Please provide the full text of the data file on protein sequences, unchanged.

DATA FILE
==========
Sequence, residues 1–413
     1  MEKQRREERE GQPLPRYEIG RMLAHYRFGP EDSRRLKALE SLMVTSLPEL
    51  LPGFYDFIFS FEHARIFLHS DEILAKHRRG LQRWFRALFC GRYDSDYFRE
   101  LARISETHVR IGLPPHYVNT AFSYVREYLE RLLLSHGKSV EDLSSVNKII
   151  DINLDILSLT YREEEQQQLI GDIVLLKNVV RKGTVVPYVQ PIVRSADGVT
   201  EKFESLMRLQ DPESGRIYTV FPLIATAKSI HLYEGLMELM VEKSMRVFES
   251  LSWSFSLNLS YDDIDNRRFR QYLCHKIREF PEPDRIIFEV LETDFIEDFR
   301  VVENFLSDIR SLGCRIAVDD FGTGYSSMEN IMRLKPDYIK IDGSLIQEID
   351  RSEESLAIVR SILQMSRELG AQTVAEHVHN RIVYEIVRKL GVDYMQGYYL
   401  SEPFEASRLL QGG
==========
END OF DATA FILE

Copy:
Sequence, residues 1–413
     1  MEKQRREERE GQPLPRYEIG RMLAHYRFGP EDSRRLKALE SLMVTSLPEL
    51  LPGFYDFIFS FEHARIFLHS DEILAKHRRG LQRWFRALFC GRYDSDYFRE
   101  LARISETHVR IGLPPHYVNT AFSYVREYLE RLLLSHGKSV EDLSSVNKII
   151  DINLDILSLT YREEEQQQLI GDIVLLKNVV RKGTVVPYVQ PIVRSADGVT
   201  EKFESLMRLQ DPESGRIYTV FPLIATAKSI HLYEGLMELM VEKSMRVFES
   251  LSWSFSLNLS YDDIDNRRFR QYLCHKIREF PEPDRIIFEV LETDFIEDFR
   301  VVENFLSDIR SLGCRIAVDD FGTGYSSMEN IMRLKPDYIK IDGSLIQEID
   351  RSEESLAIVR SILQMSRELG AQTVAEHVHN RIVYEIVRKL GVDYMQGYYL
   401  SEPFEASRLL QGG